Wednesday, February 8, 2012
An article in The Citizen opens with the statement: "Tanzania will not make significant gains in its endeavours to eradicate poverty through increased agricultural productivity if the doors to Genetically Modified Organisms (GMOs) are not opened." It seems he was quoting the minister of agriculture, who is a professor of some kind, but is also quite uncertain about the population of Tanzania.
The minister wishes for "more efficient use of resources, enhanced food production and higher farm incomes" and other nice things. He notes that three quarters of the working population are only contributing to 27% of the gross domestic product and says that low productivity is associated with poor agronomic practices and limited use of improved seed, fertilisers as well as lack of sustainable control of pests and diseases".
But Justin Sandefur of the Center for Global Development takes quite a different view. He criticizes the Bill Gates annual letter for what the man has to say about research that his Foundation is funding in Tanzania, probably the same research the above minister is welcoming, certainly a similar kind of research. Sandefur is entitled to have a view on this as he carried out some agricultural research funded by the Foundation in Tanzania. Perhaps I was wrong in suggesting that Gates doesn't have advisers who have the balls to stand up to him; perhaps he just doesn't listen to them.
Gates' optimism about innovation being enough to lift Tanzanian farmers out of poverty is contrasted with the fact that people leaving agriculture altogether has been the main source of poverty reduction. Sandefur finds that innovation is not very popular and most farmers don't use modern farming technologies. And as income levels in agriculture are much lower than those outside of agriculture, leaving agriculture is probably the best way of reducing poverty levels. This has been a trend for some time, apparently.
Sadly, Sandefur doesn't have much to say about the kind of technology Gates is particularly interested in, GMOs. These were not developed with lifting Tanzanians, or anyone else, out of poverty in mind. They were designed so those who controlled them would also control the people who grow them and the land and water where they are grown. Those who produce the GMOs also produce the agricultural technologies. That's what Gates is attracted by; I don't understand why he keeps mentioning poverty and the like but I assume it's a form of spin.
Sandefur also takes Gates up on his use of the terms 'population bomb' and 'global food supply shortages'. But Gates and his views on population are infamous; he thinks there are too many people in the world; especially poor people, whom he believes should have fewer children. But as his flunkies should be able to tell him, local food shortages are not due to a lack of food. It's just that poor people can't afford it, especially if it's being grown for export, by foreigners, for a big profit, on land that has been taken from small farmers.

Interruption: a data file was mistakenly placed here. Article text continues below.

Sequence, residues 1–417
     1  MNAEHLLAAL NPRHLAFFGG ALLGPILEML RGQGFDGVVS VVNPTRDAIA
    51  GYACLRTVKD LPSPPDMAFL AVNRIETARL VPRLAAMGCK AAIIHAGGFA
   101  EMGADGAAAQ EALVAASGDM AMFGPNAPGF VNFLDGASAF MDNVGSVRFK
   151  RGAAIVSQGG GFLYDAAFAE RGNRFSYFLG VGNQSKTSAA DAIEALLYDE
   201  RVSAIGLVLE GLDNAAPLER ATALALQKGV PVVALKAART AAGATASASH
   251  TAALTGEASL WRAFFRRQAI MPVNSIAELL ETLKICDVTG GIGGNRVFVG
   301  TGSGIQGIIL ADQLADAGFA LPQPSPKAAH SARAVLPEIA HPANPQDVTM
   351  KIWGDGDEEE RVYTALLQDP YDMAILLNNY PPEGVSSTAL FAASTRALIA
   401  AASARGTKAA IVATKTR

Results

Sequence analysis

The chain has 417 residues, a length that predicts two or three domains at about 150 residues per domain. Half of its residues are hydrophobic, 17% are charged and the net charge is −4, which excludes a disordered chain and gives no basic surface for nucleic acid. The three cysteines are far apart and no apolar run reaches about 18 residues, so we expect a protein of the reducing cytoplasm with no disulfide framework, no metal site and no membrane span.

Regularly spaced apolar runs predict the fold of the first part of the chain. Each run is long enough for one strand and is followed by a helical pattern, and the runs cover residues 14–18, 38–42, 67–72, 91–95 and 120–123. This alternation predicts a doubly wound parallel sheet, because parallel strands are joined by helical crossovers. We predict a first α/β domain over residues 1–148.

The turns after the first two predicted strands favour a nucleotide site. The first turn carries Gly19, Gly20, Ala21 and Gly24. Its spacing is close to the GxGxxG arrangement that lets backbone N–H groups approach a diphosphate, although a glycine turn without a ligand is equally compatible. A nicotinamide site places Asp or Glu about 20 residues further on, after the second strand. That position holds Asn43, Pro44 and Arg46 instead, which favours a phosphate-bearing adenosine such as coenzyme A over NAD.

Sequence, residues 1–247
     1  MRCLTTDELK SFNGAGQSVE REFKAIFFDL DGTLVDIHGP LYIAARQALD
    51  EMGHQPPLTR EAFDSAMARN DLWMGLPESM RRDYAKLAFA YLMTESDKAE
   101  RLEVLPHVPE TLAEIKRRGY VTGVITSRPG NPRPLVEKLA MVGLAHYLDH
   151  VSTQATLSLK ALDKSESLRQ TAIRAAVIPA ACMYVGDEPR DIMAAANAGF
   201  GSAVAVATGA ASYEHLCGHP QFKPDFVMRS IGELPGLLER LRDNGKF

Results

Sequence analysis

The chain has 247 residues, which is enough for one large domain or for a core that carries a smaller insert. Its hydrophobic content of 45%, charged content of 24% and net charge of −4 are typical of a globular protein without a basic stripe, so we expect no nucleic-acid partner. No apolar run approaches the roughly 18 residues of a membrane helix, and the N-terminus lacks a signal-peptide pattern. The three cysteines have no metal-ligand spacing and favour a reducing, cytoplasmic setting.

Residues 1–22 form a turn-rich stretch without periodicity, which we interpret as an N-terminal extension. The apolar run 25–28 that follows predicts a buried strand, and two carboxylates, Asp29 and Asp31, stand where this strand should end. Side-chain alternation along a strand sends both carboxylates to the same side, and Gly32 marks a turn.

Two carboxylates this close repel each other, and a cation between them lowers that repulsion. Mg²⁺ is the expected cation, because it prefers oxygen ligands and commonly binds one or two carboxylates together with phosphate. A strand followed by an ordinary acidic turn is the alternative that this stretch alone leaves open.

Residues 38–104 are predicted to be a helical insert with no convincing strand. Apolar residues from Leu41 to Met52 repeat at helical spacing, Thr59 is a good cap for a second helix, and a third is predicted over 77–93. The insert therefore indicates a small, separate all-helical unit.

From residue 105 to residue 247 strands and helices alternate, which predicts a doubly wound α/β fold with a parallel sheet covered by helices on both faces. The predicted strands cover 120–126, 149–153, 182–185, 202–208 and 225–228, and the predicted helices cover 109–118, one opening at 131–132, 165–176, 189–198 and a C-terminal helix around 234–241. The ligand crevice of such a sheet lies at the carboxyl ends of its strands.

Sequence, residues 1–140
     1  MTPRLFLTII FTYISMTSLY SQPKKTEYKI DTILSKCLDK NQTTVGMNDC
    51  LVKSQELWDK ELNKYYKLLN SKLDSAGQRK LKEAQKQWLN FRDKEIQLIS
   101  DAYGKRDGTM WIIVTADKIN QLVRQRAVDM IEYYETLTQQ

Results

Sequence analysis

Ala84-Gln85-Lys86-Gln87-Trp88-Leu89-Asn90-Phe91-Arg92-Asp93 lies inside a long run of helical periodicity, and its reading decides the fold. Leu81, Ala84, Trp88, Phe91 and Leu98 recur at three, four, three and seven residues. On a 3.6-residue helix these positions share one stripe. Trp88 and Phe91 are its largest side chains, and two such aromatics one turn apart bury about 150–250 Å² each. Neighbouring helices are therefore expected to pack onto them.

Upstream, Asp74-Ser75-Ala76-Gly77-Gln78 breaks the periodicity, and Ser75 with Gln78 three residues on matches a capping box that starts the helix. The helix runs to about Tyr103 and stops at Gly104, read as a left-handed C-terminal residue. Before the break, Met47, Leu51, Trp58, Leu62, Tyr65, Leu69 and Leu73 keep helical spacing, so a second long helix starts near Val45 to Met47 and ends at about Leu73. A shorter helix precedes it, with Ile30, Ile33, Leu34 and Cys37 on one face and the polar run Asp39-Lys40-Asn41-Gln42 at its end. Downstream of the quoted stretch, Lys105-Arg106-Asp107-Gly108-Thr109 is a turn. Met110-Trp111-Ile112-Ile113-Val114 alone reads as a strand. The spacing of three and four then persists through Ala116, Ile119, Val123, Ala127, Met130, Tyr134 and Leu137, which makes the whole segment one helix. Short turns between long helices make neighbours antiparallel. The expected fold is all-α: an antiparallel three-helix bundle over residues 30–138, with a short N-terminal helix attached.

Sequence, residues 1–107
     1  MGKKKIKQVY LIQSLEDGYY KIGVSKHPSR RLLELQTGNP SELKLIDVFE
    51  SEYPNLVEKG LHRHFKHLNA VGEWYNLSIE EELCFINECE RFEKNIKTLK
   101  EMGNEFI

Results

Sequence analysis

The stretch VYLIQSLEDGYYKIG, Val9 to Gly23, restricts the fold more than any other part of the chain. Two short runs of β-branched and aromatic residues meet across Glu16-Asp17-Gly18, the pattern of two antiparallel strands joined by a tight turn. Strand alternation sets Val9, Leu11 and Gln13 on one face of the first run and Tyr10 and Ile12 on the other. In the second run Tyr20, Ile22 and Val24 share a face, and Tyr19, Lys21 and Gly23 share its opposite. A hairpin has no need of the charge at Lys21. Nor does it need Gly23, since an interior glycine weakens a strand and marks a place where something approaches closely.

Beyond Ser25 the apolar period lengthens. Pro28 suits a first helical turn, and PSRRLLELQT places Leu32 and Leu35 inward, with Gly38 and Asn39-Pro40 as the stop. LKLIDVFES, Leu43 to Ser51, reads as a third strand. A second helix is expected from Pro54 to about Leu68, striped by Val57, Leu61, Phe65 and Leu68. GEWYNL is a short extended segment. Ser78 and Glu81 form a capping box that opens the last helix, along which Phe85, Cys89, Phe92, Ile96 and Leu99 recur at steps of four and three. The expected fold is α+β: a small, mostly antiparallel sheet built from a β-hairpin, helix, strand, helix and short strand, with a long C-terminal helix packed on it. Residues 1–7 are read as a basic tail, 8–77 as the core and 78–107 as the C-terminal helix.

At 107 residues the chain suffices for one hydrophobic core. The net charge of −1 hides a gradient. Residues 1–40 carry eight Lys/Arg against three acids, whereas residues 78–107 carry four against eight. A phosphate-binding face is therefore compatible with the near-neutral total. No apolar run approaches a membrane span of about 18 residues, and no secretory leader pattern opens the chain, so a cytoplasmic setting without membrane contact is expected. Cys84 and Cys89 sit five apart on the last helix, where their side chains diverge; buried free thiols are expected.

I agree with Sandefur that there are limits to technological fixes but not that Gates should continue with what he is doing. GMOs are destructive to the food supply, to food security, to the economy and to the environment. Other Gates technological fixes, such as in health, can also be destructive. If more people leave agriculture, that may improve conditions for GMOs to take over, as they need very large amounts of land, a lot of technology and very few employees. But this doesn't improve the prospects of those leaving agriculture, nor does it address the problems of poverty and underdevelopment for Tanzanians as a whole. People who are poor and whose income is stagnating will only become less and less able to afford what they need to survive.
Gates doesn't have a plan for all those who stand to lose out under his proposed GMO technocracy, which is all Tanzanians, whether they work in agriculture or not. But non-GMO agriculture is in a far better position to increase food supply, ensure food sovereignty, improve nutrition, protect the environment and provide various advantages without compromising the current, very weak economy. The minister of agriculture may not wish to turn down Gates' philanthrophy but there's a good reason why Gates wants to do things in Tanzania and it has nothing to do with improving the lives of Tanzanians.
For more about GM and non-GM crops, see GMWatch.